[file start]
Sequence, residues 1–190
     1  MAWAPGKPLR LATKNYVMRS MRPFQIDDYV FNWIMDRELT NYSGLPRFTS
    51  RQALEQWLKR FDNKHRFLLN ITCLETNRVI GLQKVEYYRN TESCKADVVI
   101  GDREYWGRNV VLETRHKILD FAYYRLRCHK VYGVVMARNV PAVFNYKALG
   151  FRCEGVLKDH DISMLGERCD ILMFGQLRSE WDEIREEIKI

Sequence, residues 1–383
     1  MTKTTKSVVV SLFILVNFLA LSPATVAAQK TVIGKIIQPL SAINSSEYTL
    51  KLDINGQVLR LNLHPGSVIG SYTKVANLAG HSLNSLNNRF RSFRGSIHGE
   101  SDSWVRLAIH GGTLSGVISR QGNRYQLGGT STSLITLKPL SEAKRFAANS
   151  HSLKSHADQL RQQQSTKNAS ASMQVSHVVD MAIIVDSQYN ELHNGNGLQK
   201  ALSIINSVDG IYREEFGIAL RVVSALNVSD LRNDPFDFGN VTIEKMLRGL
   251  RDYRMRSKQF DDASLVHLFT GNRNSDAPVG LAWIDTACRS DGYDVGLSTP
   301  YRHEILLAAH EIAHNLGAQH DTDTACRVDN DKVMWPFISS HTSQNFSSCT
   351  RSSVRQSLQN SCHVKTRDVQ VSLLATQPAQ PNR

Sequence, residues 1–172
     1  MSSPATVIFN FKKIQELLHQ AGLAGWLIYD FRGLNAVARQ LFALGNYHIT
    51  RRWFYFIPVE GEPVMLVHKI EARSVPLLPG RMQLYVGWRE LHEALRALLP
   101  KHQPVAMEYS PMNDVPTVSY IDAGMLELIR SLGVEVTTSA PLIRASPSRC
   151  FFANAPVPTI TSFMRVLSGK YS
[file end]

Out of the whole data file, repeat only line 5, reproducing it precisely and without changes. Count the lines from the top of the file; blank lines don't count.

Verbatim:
   151  FRCEGVLKDH DISMLGERCD ILMFGQLRSE WDEIREEIKI